Story URL: http://news.medill.northwestern.edu/chicago/news.aspx?id=143727
Story Retrieval Date: 12/9/2013 9:58:21 PM CST
Layton Ehmke and Justine Jablonska/MEDILL
The Altgeld Gardens Phillip Murray Homes community is boxed off from the rest of Chicago – a trapped 190-acre island between highways, trash heaps, pollution and industry.
It is the Far South Side – the end of the city.
While one CTA bus line is injected into the public housing development to take residents to and from the services they need, it is a neighborhood apart. While greater Chicago feels the pressures of a public housing shortage, much of Altgeld is boarded up and vacant. Of the approximate 1,500 barracks there, more than half are unoccupied as they sit waiting to be refurbished by the Chicago Housing Authority.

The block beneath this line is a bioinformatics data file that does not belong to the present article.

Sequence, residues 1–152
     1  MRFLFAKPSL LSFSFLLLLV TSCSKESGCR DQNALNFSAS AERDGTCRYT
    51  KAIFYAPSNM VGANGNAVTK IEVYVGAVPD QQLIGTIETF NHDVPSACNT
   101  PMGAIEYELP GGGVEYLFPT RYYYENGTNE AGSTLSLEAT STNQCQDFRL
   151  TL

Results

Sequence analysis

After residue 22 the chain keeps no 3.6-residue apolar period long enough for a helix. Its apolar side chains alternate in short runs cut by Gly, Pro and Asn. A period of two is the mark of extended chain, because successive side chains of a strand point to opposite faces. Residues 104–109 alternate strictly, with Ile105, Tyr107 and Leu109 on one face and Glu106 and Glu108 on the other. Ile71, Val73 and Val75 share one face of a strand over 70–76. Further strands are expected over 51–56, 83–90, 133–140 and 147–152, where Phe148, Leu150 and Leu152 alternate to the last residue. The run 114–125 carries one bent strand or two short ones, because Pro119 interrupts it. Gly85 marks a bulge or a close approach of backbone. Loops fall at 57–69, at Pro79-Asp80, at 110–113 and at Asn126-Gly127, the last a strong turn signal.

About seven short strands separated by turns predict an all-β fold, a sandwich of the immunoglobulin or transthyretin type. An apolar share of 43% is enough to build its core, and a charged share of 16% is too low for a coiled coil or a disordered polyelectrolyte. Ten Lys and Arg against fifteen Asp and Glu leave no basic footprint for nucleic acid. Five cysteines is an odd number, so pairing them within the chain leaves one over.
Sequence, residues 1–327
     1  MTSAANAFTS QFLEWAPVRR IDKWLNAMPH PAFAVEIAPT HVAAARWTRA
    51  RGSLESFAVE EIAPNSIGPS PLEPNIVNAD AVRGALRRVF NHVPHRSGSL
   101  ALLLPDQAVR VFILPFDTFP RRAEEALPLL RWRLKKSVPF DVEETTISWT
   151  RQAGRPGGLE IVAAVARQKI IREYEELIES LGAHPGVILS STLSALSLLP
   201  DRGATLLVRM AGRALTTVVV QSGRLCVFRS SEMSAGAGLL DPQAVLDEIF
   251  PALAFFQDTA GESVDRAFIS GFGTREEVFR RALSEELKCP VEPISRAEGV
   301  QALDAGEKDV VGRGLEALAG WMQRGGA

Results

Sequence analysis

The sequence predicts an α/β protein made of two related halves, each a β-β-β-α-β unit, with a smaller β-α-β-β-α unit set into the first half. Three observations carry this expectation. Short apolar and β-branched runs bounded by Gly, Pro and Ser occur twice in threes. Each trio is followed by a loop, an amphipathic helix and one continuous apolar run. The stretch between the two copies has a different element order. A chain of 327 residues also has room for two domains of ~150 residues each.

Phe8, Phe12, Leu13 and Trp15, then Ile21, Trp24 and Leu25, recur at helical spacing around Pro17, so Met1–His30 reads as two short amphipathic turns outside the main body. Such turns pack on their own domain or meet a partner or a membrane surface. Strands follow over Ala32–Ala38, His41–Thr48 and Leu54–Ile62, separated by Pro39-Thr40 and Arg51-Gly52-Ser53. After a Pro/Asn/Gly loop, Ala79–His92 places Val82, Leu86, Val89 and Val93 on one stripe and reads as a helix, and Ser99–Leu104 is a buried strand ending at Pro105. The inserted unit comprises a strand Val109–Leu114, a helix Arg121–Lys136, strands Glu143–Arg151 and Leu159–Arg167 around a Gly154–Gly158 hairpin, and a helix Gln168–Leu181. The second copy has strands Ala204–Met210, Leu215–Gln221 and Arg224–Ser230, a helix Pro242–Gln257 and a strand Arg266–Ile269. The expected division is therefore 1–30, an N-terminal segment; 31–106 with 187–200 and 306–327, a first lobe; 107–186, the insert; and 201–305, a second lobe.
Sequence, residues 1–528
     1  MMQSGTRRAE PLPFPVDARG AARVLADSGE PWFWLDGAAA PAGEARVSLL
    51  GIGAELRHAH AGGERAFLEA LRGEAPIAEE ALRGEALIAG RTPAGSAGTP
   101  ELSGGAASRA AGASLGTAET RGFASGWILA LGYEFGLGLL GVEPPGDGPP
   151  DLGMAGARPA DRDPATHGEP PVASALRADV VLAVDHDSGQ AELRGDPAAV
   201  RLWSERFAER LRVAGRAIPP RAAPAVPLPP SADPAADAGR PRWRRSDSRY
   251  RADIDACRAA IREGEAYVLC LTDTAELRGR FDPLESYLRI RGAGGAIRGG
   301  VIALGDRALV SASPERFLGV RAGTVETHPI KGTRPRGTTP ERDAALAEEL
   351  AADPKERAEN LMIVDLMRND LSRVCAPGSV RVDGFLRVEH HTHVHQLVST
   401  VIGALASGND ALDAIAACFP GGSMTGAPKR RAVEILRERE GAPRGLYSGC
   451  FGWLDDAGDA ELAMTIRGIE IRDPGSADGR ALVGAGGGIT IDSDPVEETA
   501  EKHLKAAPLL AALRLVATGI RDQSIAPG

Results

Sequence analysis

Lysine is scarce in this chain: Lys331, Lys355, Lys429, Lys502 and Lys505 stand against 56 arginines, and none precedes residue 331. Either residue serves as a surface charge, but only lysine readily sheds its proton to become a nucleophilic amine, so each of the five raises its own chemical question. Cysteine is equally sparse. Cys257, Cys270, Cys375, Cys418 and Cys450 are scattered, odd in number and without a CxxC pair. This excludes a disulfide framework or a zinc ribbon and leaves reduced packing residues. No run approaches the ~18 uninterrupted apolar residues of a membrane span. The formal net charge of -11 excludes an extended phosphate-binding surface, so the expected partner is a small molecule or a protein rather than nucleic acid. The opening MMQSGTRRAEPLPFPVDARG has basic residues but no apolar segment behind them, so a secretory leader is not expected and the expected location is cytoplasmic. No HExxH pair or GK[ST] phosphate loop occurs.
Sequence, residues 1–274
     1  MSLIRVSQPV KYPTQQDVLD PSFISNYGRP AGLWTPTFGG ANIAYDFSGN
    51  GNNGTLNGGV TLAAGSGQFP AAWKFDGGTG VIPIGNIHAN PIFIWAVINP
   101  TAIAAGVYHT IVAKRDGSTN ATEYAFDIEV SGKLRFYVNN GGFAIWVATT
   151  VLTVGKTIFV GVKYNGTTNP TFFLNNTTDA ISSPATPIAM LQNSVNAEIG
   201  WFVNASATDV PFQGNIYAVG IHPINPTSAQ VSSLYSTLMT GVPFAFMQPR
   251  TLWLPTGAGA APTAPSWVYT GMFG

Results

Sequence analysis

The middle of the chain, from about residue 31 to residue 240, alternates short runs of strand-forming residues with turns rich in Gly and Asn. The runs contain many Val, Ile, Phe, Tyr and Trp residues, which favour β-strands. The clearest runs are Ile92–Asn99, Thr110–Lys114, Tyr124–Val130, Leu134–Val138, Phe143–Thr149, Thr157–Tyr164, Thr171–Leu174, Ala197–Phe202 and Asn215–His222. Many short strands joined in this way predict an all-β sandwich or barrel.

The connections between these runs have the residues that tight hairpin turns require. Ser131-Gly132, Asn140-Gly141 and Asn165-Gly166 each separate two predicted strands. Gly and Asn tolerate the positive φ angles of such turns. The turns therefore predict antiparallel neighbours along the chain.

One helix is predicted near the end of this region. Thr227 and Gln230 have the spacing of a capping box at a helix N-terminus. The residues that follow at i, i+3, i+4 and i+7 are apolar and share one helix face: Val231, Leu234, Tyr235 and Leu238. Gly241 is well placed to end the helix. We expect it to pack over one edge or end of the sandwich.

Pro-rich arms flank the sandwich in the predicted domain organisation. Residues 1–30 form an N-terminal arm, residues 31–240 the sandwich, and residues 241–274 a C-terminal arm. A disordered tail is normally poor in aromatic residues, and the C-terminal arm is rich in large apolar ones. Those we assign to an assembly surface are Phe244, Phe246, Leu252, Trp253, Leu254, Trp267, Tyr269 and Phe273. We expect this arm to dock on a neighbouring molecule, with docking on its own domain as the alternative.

Chicago’s main sources and carriers of pollution encircle Altgeld Gardens. The polluted Calumet River blocks Altgeld to the east and south. To the immediate north is the Metro Water Reclamation District, a wastewater treatment facility. Beyond all that: a rolling landfill mountain range. Beneath the houses is more of Chicago’s trash, as Altgeld was built atop the landfill.
Host to much of Chicago’s heaviest industry, the area has seen the likes of steel, automotive, byproducts, slag, oil and – most of all – chemical companies.
This interactive map (accessible under Related Links) shows key points of reference in Altgeld Gardens, as well as the closest services to the neighborhood.